Technical intelligence collection technology since the end of World War II expanded to meet national policy makers’ needs in a growing, more diverse geopolitical environment.
Airborne Signals intelligence (SIGINT) collection is a growing means to close intelligence gaps that fulfill policymaker’s needs. Since the 1960s, the United States (US) and Britain were the primary governments with such capability (Streetly 2010). Today many nations in Asia maintain an airborne SIGINT collection capability. In broad terms, the following will discuss SIGINT airborne collection platforms in use by countries in Asia. Specifically, however, this writing will briefly discuss current and ...view middle of the document...
According to Kotani, Tokyo was able to break British, French, Chinese and US diplomatic cables as early as 1940 (Kotani 2005). The small cryptographic office of 200 personnel focus was Chinese troop and air movements. In addition, Japan also sought indications of both British and American intentions, which successfully exploited British low and medium diplomatic cables as early as 1938. Notwithstanding, US and British high-grade cipher systems went unbroken. The Japanese also collected SIGINT against Russia. With much aid from Finland, Japan broke more than 60 Soviet military and police cipher systems (Alvarez 1999). After a proven record of cryptanalytic exploits, Germany, Finland and Japan collaborated extensively on Soviet and British military and diplomatic communications (Kotani 2005).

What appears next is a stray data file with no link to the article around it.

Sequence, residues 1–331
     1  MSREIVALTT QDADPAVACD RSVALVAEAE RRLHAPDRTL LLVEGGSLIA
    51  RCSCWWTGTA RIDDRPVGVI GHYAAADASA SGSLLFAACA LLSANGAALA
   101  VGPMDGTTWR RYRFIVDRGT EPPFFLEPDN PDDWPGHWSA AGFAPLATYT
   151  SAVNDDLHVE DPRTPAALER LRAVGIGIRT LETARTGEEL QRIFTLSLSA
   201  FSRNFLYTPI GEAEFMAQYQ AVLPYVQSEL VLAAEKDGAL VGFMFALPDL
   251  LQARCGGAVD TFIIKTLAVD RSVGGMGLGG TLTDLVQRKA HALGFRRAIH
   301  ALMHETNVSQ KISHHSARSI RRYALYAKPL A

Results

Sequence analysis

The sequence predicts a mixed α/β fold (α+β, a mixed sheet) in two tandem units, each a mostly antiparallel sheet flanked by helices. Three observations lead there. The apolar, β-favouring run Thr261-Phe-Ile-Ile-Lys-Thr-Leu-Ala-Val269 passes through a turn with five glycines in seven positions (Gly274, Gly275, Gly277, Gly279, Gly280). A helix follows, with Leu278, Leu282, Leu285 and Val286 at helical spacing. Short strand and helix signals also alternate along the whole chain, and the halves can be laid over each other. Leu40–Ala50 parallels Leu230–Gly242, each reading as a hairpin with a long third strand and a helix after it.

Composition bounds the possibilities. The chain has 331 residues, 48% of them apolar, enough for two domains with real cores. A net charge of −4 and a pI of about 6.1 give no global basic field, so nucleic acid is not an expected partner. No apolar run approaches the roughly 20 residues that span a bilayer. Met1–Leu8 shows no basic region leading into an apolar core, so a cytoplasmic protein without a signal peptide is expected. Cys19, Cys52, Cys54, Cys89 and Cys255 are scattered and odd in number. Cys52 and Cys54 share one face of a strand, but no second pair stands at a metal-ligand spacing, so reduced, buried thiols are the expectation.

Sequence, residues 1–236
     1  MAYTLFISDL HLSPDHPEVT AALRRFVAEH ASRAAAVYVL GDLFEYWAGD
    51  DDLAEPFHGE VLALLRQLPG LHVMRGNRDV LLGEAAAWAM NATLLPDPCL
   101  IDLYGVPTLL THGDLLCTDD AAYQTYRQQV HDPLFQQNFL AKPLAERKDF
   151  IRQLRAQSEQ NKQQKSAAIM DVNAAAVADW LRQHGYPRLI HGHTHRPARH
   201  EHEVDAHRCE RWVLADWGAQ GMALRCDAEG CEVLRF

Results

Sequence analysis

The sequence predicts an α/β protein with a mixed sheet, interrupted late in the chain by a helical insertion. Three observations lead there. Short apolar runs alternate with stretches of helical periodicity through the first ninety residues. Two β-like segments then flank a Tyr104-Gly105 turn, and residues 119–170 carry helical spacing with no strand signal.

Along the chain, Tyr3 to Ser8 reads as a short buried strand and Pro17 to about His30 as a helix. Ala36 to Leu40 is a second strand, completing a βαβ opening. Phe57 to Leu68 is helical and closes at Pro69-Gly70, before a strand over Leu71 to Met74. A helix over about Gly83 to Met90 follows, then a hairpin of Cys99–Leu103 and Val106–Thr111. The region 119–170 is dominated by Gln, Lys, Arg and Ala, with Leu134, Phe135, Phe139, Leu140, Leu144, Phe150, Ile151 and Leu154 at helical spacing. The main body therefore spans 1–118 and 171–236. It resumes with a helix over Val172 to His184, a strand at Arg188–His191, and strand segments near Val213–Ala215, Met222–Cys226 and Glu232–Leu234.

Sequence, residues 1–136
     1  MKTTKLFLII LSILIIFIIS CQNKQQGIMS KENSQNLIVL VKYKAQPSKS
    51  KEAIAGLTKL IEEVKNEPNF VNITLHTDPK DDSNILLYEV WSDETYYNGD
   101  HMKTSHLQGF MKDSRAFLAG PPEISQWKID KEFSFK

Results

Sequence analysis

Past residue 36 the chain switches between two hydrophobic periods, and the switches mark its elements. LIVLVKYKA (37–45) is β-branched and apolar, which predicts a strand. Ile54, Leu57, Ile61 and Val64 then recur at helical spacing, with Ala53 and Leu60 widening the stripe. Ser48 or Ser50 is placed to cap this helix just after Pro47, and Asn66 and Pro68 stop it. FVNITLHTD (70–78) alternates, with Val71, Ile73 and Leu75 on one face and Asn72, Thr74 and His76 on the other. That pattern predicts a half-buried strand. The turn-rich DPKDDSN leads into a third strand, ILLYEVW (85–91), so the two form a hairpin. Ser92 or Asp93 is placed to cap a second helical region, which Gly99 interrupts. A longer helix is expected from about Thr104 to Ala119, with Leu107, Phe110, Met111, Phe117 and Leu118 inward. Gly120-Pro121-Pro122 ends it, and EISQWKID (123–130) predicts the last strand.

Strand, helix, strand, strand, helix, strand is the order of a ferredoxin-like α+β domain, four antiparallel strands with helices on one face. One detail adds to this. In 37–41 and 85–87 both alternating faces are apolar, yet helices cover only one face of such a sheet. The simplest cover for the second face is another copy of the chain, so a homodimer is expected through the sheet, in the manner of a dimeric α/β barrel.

SIGINT and Japan Today
After the Allies' victory, Japan concentrated on rebuilding its economy. With a pacifist constitution, drafted by the US, Japan would largely avoid national security policy. Rather, Japan would rely on the US-Japan Security Alliance for military protection. However, after 1990 and especially post-911, Japan made many revisions to their military doctrine as well as a number of Emergency Legislative moves that altered its defense capabilities (Hughes 2004). According to Oros, “two types of institutions are involved” (Oros 2002). Of relevance here, is the Defense Intelligence Headquarters (DIH), which is Japan’s intelligence agency. 1,200 military and 400 Japanese civilian employees analyze SIGINT, which is under the DIH’s signal branch with 215 different departments (Oros 2002). As stated above, airborne SIGINT collection platforms are a focus for US-Japan SIGINT cooperation in intelligence collection. In addition to manned platforms, the two countries will also develop under a Joint Research and Development program, according to Jane’s Defense Weekly, “… high-altitude long-endurance unmanned aircraft” (Hardy 2013).
The above mentioned, condensed, review of SIGINT...